VSPC is set to host USA, the top-ranked nation in the world, for a training camp from 3-18 March at the Eddie C. Moore Softball Complex in an effort to support USA Softball and the National Team programme, as the squad continues preparations for the highly anticipated Tokyo Olympic Games.
The USA Softball Women’s National Team will take part in a series of workouts and practice sessions, in addition to the three-game series against No. 5 Mexico. The games are part of the Stand Beside Her Tour, presented by Major League Baseball (MLB), and will be the first international competition of the year for the U.S. squad.The Games begin tonight
We’re still three days away from the opening ceremony, but competition at the Tokyo Olympics starts at 8 p.m. ET with a women’s softball game between Australia and host Japan.
Canadian athletes begin competing a few hours later, when the No. 3-ranked women’s softball team faces Mexico at 2 a.m. ET Wednesday. Canada’s women’s soccer team starts its quest for a third consecutive Olympic medal when it takes on Japan at 6:30 a.m. ET. You can watch both those contests live on the CBC TV network, CBC Gem, the CBC Olympics app
The Canadian women’s soccer and softball teams are both strong medal contenders that deserve a deeper dive. Since softball is first out of the gate, let’s take a look at that squad today and circle back to the soccer team in tomorrow’s newsletter.
The sport made its Olympic debut at the 1996 Games in Atlanta — four years after baseball joined in Barcelona. The Olympics now treat them as one sport (officially called baseball/softball), with softball basically considered the women’s version of baseball. There has never been a men’s softball tournament in the Olympics, nor a women’s baseball — despite the fact that those things definitely exist and have been played at the Pan Am Games.
Though they share many common traits, softball and baseball are different sports with different rules. The biggest thing you’ll notice (along with the larger, yellow ball) is that softball pitchers windmill the ball underhand, not overhand. This is easier on the arm but doesn’t produce as much velocity. A good softball pitcher’s fastball can hit 65 mph (about 105 km/h) on the radar gun, while the best baseball pitchers’ top 90 mph (145 km/h). But when you factor in the shorter distance between the plate and the pitcher’s rubber — 43 feet in softball, compared to 60½ feet in baseball — the ball effectively arrives just as quickly from the batter’s standpoint.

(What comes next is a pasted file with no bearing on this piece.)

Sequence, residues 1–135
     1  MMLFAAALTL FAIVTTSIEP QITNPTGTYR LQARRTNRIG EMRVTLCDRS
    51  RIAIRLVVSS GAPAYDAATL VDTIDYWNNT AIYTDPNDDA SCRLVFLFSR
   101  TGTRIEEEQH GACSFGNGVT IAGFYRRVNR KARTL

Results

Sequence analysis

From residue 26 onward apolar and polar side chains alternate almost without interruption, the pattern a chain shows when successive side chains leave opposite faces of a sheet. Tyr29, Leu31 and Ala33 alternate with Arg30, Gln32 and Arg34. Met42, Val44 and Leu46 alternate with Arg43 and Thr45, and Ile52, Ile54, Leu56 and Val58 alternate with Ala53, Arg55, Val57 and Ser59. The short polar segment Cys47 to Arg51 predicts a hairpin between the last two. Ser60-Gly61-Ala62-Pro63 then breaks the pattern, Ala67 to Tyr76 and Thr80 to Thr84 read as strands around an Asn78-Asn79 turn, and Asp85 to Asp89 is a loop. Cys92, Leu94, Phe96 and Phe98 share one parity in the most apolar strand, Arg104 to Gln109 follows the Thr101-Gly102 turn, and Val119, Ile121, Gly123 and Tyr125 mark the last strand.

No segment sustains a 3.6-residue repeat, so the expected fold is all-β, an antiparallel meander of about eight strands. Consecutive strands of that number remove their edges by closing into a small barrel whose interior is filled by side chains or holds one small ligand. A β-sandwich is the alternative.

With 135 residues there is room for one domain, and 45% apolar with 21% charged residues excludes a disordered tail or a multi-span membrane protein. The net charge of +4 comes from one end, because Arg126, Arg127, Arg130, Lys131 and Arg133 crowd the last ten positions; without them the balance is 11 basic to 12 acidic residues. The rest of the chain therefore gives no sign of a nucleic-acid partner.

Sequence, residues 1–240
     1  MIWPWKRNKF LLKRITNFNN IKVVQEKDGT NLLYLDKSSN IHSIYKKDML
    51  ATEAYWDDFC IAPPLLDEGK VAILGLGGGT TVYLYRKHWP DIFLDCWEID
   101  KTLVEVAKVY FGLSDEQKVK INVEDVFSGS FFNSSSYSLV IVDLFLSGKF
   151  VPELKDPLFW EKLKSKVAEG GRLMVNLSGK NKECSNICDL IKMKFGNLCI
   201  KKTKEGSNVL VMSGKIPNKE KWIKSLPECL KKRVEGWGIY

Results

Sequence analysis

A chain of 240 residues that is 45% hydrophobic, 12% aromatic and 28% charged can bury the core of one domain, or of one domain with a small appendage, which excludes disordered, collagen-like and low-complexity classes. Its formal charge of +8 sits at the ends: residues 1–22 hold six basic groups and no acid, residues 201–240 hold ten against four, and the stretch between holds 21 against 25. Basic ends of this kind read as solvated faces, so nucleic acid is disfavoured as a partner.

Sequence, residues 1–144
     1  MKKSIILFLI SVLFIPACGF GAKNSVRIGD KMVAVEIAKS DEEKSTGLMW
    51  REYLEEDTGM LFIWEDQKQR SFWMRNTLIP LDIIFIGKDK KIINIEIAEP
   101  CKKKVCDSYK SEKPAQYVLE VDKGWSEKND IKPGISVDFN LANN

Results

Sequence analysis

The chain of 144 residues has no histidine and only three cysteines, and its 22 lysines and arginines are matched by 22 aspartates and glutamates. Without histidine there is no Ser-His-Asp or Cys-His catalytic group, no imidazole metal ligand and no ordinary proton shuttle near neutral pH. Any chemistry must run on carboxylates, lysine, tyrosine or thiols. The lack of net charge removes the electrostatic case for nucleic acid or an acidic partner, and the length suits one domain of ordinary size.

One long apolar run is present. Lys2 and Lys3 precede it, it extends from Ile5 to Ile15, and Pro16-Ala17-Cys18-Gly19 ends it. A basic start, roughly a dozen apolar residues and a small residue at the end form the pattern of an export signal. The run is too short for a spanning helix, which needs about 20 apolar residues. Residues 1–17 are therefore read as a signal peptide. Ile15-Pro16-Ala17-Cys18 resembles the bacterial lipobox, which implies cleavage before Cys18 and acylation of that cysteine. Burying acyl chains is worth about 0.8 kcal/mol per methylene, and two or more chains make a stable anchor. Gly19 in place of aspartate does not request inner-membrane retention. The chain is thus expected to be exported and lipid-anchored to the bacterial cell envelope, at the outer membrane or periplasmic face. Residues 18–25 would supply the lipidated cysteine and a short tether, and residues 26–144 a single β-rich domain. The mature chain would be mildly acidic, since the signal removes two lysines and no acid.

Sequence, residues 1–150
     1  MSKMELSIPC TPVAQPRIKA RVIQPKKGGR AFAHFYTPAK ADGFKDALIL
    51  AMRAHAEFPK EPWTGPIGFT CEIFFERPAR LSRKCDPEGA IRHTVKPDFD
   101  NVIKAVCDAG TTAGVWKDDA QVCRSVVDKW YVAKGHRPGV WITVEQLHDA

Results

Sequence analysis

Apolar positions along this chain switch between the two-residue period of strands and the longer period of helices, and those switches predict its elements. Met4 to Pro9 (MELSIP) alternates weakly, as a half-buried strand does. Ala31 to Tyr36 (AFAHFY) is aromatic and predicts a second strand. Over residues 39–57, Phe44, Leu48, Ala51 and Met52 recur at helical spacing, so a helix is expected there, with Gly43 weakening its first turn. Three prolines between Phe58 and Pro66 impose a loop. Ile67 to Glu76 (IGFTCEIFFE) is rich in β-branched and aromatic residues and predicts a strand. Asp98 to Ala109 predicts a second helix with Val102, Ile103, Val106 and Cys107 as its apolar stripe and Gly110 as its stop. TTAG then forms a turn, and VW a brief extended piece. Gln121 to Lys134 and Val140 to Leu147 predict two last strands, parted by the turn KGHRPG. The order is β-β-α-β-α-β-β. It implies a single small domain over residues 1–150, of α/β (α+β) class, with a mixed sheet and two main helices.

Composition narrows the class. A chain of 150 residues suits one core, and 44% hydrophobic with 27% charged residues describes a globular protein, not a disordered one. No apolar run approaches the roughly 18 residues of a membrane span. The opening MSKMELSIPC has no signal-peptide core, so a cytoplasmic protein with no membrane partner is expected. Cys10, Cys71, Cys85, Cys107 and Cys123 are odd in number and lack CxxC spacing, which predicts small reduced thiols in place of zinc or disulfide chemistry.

Like their baseball counterparts, softball hurlers are capable of putting all kinds of filthy movement on their pitches by employing various grips that produce different spins and velocities. This is another reason why the pitchers you’ll see in the Olympic softball tournament can be just as tough to hit as a major-league star like two-time Cy Young winner Jacob deGrom. And if you’re untrained in deciphering their dark arts? Forget about it. In one famous experiment in 2003, American star Jennie Finch’s diabolical mix of fastballs and changeups proved untouchable for some of the greatest baseball hitters of all time. Barry Bonds, Alex Rodriguez and Albert Pujols all struck out against her. Watch Pujols’ attempt at catching up with Finch’s heat.